N.M. Federal Lands News

by Frank DuBois

The Federal Land Council News

My column this month is about chickens, jaguars, wildfire studies and ranchers being fined for protecting their property

Endangered Species

In 1995, the USFWS was petitioned to list the lesser prairie chicken as threatened under provisions of the Endangered Species Act. The USFWS finding was that the listing was “warranted but precluded” indicating that evidence supported listing the species, but the agency had higher-priority species to be concerned about.

This year, the Grassland Initiative and the Lesser Prairie Chicken Interstate Working Group, composed of biologists from state fish and wildlife agencies in five states and the Bureau of Land Management, conducted a large-scale, helicopter-based survey of lesser prairie chicken leks across all five states, including New Mexico.

The good news is they found an estimated 37,170 birds. This estimate will be included in a plan being developed by the state wildlife agencies that could influence the U.S. Fish and Wildlife Service’s decision whether to designate the lesser prairie chicken as a federally threatened or endangered species. The plan will be completed next Spring.

As Mike reported last month, the USFWS has proposed 838,232 acres of critical habitat for the jaguar in Arizona & New Mexico. To be more specific, the proposal includes six units as follows:

  • 138,975 acres in the Baboquivari Mountains, Ariz.
  • 143,578 acres in the Tumacacori, Atascosa and Pajarito mountains, Ariz.
  • 343,033 acres in the Santa Rita, Patagonia and Huachuca mountains and the Canelo Hills, Ariz.
  • 105,498 acres in the Whetstone Mountains, including connections to the Santa Rita and Huachuca Mountains, Ariz.
  • 99,559 acres in the Peloncillo Mountains, Ariz. and N.M.
  • 7,590 acres in the San Luis Mountains, N.M.


I might add that 103,143 of those acres are private land and all of the 7,590 acres in the San Luis Mountains, N.M. are private.

Rest assured the enviros won’t be happy with the current proposal. They are already hollering and one just wrote, “That’s an area larger than the state of Rhode Island, but still leaves out some of the best possible habitat farther north in New Mexico’s Gila National Forest and Arizona’s Mogollon Rim.”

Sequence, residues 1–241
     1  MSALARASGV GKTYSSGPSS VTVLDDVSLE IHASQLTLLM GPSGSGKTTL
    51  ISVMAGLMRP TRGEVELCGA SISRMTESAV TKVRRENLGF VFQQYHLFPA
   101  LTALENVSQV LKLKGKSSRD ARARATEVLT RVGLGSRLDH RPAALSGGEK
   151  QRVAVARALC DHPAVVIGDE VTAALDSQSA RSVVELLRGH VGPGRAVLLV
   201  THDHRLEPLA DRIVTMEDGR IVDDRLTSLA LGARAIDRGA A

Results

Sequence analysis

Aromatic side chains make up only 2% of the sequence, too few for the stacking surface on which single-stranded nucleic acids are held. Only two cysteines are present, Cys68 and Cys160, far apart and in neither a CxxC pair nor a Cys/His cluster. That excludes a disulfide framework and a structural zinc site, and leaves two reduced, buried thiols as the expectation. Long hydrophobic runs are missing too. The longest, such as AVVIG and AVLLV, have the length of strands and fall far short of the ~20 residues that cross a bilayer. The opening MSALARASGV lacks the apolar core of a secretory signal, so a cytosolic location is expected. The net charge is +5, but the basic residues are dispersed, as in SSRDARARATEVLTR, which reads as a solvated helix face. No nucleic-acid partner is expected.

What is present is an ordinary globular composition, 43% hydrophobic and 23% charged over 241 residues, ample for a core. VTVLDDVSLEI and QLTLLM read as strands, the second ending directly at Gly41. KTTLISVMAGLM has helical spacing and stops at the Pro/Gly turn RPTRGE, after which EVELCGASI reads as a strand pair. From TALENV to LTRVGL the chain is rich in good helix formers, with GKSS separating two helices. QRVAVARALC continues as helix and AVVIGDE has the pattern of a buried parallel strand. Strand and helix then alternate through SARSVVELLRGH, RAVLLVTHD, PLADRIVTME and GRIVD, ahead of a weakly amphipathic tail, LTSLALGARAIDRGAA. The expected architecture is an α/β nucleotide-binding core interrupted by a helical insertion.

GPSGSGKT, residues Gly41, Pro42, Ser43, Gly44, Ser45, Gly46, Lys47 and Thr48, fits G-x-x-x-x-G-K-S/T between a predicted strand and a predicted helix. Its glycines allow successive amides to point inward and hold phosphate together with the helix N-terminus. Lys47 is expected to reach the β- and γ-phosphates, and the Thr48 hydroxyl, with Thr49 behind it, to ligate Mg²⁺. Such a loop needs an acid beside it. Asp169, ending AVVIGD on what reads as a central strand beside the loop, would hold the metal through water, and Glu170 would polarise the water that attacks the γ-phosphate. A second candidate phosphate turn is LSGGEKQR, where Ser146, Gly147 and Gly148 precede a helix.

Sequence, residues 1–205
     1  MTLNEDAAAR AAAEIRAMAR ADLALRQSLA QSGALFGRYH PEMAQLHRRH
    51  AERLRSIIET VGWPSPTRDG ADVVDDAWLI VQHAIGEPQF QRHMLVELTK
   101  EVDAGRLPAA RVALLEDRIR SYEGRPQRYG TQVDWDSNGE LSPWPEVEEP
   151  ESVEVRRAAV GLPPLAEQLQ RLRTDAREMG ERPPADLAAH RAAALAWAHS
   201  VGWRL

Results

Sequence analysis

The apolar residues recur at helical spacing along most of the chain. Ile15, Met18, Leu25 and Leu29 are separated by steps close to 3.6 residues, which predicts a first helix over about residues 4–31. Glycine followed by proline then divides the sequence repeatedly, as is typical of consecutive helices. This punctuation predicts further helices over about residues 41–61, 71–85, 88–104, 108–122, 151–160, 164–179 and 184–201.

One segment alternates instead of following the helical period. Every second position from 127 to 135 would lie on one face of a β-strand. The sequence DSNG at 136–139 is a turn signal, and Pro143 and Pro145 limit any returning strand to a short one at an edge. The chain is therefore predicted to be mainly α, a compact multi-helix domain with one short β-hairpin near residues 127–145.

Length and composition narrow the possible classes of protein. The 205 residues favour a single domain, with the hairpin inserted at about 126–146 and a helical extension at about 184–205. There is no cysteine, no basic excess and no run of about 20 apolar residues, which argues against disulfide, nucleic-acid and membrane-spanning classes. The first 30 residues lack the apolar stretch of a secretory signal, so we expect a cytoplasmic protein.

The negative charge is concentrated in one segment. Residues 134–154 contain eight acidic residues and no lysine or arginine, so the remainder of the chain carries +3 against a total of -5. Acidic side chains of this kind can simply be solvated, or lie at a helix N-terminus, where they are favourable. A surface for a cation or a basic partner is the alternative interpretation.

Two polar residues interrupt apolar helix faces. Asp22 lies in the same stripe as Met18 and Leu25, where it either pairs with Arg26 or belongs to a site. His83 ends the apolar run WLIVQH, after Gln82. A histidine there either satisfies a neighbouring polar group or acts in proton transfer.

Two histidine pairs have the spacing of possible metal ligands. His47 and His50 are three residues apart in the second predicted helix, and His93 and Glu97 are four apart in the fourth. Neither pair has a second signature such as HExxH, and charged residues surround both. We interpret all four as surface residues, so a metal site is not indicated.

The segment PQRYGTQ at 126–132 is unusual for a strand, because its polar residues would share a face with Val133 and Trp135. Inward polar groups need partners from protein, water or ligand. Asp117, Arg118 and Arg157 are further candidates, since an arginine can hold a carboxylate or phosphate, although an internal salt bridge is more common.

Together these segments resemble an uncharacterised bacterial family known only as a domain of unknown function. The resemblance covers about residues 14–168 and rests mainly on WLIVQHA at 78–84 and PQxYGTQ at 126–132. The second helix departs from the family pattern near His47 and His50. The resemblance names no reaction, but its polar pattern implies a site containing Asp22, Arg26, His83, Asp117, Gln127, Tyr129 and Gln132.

And just two years ago the Center For Biological Diversity proposed 53 million acres of critical habitat for the jaguar: 27 million acres in Arizona and 26 million acres in New Mexico. Their map for New Mexico shows basically all of the southwestern part of the state plus Doña Ana and Otero County. That fits in real well with the proposals for national monuments in both counties.

As I’m about to finish writing this a “mysterious” photo of a jaguar in southern Arizona has shown up. Actually, the photo is of a tail, but Arizona Game & Fish says nine out of ten experts they consulted said the tail was that of a jaguar. This just happens to occur during the comment period. Quite a coincidence, ain’t it. As Sue Krentz recently wrote, “Without a GPS stamp and date stamp, that photo could have been taken anywhere in the world at any time.”

Truth be known, anyone who has read attorney and biologist Dennis Parker’s comments on behalf of the Pima Natural Resources Conservation District, the Coalition of Arizona/New Mexico Counties and others will know the USFWS proposal is on awful shaky ground.

Forest Fires

Two Democrat Senators from a western state have written to Secretary of Agriculture Tom Vilsack asking for an in-depth wildfire study. Saying it had been “ a historic wildfire year” with records broken for the “most destructive wildfire in state history”, the Senators wanted some answers. They wrote, “The unprecedented nature and pattern of these fires calls for a systematic and scientific analysis to learn how we as a society can do better. Our goal is to make sure that the lessons learned — positive and negative — are captured and acted upon appropriately.”

New Mexico Senators Jeff Bingaman and Tom Udall you ask? Nope, I’m afraid not. The two Senators seeking to protect their citizens are Mark Udall and Michael Bennett of Colorado.

Now let’s say you’re a rancher who spots a fire on your place. You have the means and equipment to fight or slow down the fire. Should you take immediate action? Not if BLM is involved and you don’t want to pay a fine. The most recent examples are from Idaho.

In August, Elba rancher Clair Teeter, with the help of local firefighters, was able to save his home from a fire which started on federal land. He watched his farm equipment smolder though, as they were unable to save it. Sixteen years prior, he lost miles of fencing and 150 tons of hay from a similar fire.

“You can’t go onto public land even to save your own home,” Teeter said. “They’ll give you a ticket”.

The Times-News reports that “Landowners sometimes watch as crops, livestock and equipment burn, because public land policies prevent them from using their own tractors or dozers to make firebreaks on public lands to prevent the blaze from encroaching on their property.”

Earlier this summer, BLM sent letters out to ranchers reminding them of their policy. One rancher has since received a $1,250 fine for “unauthorized destruction of vegetation”.

Save your property and pay the government a fine. Sounds like a great policy.

The feds have accumulated all kinds of “emergency” powers. It’s way past time some emergency powers were handed back to private individuals.

Until next time, be a nuisance to the devil and don’t forget to check that cinch.

Frank DuBois was the NM Secretary of Agriculture from 1988 to 2003, is the author of a blog: The Westerner (www.thewesterner.blogspot.com) and is the founder of The DuBois Rodeo Scholarship (www.nmsu.edu/~duboisrodeo/).